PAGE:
So I’m cycling down Stamford Road in Bowden at 18mph when this ass in a small black car (SBC) goes past me too fast (at least 45mph), too close (I reckon 6 inches from my outside handlebar end) all whilst talking on a mobile.
I tell you, if I was armed…
I know what’s going to happen next but the driver has the anticipation of a duck. I can see the parked car ahead on my side and the moving car on the other side coming towards us up the hill.
So the inevitable happens.
The driver cuts in in front of me and slams on the brakes. I just, just, manage to stop before hitting the SBC.
The approaching car passes, the SBC continues as do I.
Two hundred yards ahead…
…the SBC gets stopped at the lights at the bottom of the hill where Stamford Road meets Ashley Road in Hale.
I tell you, if I was armed…
I am not armed but I let my chimp out. Yes, I let him out.
I stop on the inside of SBC by the kerb and I bang on the passenger-side window (there is no passanger or I wouldn’t have done this). I am letting my chimp out. Not my gorilla. You don’t want to see my gorilla.
I invite the driver…
…to describe to me what the driver thought the driver was doing.
The driver does the usual, depressingly predictable righteous indignation thing that is standard behaviour for the terminally feckless when they are pulled up for doing something they themselves know is wrong but have become accustomed to viewing as all right because they are so seldom chastised for it.
But I am THE CHASTISER…
The driver tells me to f*** off and if I don’t the driver will call the police.
I say “do it, you twit” or something more, ah, pointed, “and the police can have a wee look at your call log you phone user you…”
I do some more chimp puffy chest stuff before I smile at my fellow chimp benevolently as the SBC-driving chimp knows not what the chimp does and I freewheel the ten yards to the stop sign with the red light at the bottom of the hill.
I am only slightly concerned by the slight chance that the other chimp will run me over when the lights go to green.
I am so glad I am not armed…
The notion of the chimp in us all comes from Dr Steve Peters’ book “The Chimp Paradox” of which our favourite Olympic gold medal winning cycle guy Sir Chris Hoy has said “Without Steve, I don’t think I would have won gold in Athens in 2004.”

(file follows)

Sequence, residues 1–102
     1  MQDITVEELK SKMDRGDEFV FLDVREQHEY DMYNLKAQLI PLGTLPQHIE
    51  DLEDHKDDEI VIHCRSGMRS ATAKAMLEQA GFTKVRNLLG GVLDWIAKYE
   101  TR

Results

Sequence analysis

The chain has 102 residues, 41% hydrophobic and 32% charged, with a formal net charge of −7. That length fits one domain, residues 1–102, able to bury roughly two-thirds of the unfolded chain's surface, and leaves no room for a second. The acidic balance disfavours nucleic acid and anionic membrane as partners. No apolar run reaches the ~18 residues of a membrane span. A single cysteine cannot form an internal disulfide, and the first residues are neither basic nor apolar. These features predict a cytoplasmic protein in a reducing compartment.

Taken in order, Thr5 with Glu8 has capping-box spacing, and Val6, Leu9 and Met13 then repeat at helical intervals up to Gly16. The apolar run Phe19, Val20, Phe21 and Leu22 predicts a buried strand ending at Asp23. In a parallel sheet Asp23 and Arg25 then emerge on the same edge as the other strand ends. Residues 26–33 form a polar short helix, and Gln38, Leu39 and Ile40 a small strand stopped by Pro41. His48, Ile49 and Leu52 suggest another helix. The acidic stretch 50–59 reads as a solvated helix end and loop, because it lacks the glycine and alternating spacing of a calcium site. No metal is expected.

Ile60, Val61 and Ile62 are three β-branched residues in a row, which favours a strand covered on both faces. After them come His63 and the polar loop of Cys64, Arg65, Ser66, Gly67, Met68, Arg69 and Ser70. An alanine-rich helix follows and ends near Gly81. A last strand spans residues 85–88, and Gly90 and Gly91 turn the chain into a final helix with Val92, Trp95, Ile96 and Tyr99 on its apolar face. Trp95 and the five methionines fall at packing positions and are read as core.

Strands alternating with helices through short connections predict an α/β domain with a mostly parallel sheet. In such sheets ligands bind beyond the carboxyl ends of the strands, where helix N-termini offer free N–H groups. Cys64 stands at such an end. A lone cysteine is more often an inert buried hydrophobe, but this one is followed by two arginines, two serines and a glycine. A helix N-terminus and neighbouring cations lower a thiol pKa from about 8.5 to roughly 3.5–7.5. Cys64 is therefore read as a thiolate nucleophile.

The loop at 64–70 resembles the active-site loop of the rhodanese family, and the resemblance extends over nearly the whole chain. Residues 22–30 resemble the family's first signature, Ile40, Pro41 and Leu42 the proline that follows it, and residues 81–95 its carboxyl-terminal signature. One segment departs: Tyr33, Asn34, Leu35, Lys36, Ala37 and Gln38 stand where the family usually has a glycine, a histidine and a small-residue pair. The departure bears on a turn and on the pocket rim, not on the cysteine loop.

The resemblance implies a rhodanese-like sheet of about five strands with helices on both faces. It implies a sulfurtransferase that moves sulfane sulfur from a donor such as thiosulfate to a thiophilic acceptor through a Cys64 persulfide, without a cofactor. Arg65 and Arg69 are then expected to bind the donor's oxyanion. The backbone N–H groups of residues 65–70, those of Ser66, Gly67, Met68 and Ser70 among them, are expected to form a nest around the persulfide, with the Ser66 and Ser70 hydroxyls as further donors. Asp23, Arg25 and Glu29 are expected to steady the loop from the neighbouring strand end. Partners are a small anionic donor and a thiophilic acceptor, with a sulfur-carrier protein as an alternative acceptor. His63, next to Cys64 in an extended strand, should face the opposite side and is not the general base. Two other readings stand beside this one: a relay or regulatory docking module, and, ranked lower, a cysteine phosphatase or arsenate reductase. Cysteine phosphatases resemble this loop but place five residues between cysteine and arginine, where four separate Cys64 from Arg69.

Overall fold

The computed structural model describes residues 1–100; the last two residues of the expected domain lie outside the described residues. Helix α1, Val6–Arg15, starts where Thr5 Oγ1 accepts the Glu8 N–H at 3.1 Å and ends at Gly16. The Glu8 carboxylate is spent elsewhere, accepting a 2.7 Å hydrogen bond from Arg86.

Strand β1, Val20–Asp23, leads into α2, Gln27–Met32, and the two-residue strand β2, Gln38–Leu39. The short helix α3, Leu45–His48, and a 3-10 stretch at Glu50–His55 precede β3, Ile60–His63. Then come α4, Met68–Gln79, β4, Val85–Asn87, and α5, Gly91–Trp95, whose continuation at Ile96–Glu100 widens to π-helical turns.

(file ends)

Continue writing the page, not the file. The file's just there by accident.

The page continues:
There’s nothing new in the book to be honest but the presentation of the information is great – easy to understand and digestible.
Steve says we have, inside our heads, a chimp and a human.
I know this to be true.
When stuff happens, the human in us deals with facts and truth. Then the human applies some logical thinking and comes up with our plans and actions.
The chimp in us deals with the stuff that happens with emotions and impressions. Then we apply some emotional thinking before coming up with our plans and actions.
As you can imagine, the human and the chimp come up with very different plans and actions, leading to very different results.
I let my chimp out…
…when the SBC with the numbskull driver appeared. And I knew it. It was fear and danger and aggression that conjured up the chimp.
But I allowed it to happen. In retrospect I was the human taking my chimp for a walk, rather than the chimp having escaped to run wild unsupervised.
And this is key.
We all have the chimp and the human.
But the human is younger. The chimp is ancient.
Not ancient as in infirm, benign, harmless. No. Ancient as in you have known your chimp for so long you are not aware when she starts doing the talking.
I do not disrespect the chimp.
The fact is that the chimp has got us this far. And my God how far we have come. From primordial soup to quantum electrodynamics in, oh, a blink of an eye really. Yes, the chimp has done well.
But the chimp is playing a different game. The chimp is all about survival – living in the jungle. And the thing is we don’t live in the jungle any more.
So a lot of our chimp behaviour is simply not appropriate for where we are now. Yet it is our most natural and longest lived behavioural type.
And what was great, no essential, yesterday does not necessarily have any utility today…
Frankly, the occasional bad tempered exchange with an unaware fellow citizen is OK. Maybe the driver will learn…
Where chimpy behaviour is not OK is where we use it for the big stuff – the big relationships, the big projects. The big opportunities. The fundamental approach we take to life.
The human in us…
…deals with facts and truth, overlaid with logical thinking.
The chimp in us…
…deals with emotions and impressions, overlaid with emotional thinking.
The former works today, in 2013. The latter worked yesterday, in 20,000 BC.
We all need to decide in what time we’re living.
20,000 BC is easier, emotionally. But 2013 is where all the opportunities are.